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Washington, DC on May 19-20, 2020.


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June 2020 Issue:

Congress Still Working on Next Coronavirus Response Bill, but Pace Slows

Congressional leadership and the White House say they expect to enact another coronavirus response bill by late July. Top-tier issues include business liability protection, help with health insurance costs for the unemployed, unemployment benefits, and funding for State and local government coronavirus response efforts.

Signs that the economy may be recovering more quickly than anticipated from the shock of the coronavirus-required nationwide shut-down have slowed legislative action aimed at cushioning people and businesses from the impact of the shut-down. However, there is bipartisan and widespread (but by no means unanimous) agreement that the federal government must do more to contain the adverse economic fall-out.

NAIFA’s priority issues include help for the 42 million newly-unemployed individuals with the cost of health insurance, improved retirement savings rules, and fixes to two life insurance rules—one would fix a tax code (section 7702) definition of life insurance interest rate issue, and the other would recharacterize insurer-held bonds as ordinary rather than capital assets. Also of importance is the issue of shielding businesses from lawsuits claiming the businesses are responsible when someone contracts COVID-19 from an unsafe business environment. Here is a rundown of how those issues seem to be developing currently.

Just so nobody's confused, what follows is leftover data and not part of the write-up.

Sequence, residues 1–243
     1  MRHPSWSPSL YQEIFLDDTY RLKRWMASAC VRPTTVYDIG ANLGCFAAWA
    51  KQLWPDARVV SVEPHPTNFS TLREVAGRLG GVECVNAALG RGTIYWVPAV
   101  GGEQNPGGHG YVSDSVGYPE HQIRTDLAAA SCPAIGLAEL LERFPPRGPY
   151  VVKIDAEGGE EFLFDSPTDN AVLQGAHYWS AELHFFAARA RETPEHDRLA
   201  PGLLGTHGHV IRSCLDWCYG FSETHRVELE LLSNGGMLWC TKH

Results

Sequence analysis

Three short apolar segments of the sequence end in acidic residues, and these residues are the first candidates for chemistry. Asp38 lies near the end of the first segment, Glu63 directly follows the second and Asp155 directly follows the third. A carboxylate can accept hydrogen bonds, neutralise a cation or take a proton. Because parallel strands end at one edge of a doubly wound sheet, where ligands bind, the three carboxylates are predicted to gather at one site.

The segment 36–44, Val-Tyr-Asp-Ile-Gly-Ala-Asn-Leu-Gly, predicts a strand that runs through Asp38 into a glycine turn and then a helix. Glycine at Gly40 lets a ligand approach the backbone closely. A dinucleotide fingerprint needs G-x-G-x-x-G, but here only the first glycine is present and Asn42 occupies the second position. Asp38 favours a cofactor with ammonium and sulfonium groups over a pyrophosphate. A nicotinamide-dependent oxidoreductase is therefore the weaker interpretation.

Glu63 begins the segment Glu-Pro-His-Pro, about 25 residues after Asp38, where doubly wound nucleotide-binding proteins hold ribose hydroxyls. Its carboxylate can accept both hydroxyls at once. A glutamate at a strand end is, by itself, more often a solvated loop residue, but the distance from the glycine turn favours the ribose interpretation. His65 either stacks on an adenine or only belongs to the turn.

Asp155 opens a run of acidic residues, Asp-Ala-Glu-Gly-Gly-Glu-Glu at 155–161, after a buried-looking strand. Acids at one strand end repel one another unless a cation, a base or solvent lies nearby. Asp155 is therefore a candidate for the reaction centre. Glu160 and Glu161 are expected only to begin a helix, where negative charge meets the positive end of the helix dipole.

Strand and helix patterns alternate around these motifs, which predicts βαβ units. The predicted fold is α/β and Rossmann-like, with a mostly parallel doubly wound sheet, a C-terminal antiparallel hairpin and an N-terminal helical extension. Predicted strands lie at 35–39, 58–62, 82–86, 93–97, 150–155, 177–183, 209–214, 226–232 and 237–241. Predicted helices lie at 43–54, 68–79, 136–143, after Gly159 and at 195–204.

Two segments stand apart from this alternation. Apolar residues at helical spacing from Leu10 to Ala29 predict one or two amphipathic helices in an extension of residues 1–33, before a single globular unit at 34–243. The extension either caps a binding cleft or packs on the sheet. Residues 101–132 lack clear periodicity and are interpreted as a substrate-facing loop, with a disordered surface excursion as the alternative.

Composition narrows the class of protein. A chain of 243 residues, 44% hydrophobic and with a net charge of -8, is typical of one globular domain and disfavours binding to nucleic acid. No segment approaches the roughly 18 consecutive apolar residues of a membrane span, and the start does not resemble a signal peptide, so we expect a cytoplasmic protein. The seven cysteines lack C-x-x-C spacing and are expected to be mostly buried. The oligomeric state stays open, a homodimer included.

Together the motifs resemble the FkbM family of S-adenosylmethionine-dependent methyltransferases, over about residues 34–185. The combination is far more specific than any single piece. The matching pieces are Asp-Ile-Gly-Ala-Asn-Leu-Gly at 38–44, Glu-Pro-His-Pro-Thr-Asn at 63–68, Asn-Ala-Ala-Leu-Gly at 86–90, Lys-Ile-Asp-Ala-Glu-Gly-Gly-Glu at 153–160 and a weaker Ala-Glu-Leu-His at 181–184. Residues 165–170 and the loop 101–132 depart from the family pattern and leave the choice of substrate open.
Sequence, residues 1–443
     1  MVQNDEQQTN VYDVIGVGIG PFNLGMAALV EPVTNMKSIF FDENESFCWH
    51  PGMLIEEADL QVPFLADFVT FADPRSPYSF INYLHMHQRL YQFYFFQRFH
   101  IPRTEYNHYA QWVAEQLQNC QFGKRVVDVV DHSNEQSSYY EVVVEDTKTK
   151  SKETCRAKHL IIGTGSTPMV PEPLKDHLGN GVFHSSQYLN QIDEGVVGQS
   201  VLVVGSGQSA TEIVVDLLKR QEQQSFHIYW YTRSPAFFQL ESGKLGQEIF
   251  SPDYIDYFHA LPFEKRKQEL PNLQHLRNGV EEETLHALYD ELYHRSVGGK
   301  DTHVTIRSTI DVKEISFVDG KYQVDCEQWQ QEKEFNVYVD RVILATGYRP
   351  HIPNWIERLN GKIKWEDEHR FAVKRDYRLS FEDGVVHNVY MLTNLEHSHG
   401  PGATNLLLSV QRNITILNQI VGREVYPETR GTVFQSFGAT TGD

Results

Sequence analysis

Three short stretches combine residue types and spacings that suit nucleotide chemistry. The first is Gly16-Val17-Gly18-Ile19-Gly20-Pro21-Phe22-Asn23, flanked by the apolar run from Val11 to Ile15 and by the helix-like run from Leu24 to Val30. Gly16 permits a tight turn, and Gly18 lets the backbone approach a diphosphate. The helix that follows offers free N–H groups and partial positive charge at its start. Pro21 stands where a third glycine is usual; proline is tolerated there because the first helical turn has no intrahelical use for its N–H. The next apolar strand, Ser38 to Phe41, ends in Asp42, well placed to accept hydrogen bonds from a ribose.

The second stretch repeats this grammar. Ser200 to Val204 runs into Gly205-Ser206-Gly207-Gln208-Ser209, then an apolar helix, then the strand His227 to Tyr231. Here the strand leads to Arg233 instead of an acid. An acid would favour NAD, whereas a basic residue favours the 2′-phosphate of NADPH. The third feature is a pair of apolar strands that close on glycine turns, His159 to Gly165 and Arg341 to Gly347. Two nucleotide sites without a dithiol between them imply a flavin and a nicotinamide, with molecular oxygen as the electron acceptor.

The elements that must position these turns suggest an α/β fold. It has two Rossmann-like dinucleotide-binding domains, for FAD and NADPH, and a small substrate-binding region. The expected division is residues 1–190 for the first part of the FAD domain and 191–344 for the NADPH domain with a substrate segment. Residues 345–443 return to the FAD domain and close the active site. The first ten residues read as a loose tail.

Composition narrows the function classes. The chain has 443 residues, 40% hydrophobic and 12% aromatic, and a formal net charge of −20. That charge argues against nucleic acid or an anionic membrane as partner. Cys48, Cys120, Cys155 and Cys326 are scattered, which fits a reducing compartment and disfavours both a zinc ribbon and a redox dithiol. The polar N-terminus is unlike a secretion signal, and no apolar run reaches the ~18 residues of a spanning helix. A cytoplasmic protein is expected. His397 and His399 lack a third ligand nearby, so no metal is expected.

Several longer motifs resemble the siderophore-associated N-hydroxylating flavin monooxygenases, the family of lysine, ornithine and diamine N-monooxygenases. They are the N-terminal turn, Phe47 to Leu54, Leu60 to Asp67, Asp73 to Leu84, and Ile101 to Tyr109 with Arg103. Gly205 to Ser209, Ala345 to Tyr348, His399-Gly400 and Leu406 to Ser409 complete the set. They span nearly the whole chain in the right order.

• Health insurance: Lawmakers are looking at ways to help uninsured folks pay for their health insurance. One possibility is a federal subsidy for the cost of COBRA continuation health insurance coverage. Another is making it easier for unemployed people to access subsidized health insurance through Affordable Care Act (ACA) exchanges. Also in play are rules to allow more flexibility in accessing flexible spending arrangement (FSA) funds, through changes in allowable timing for deferral decisions and/or in expanded rollover opportunities.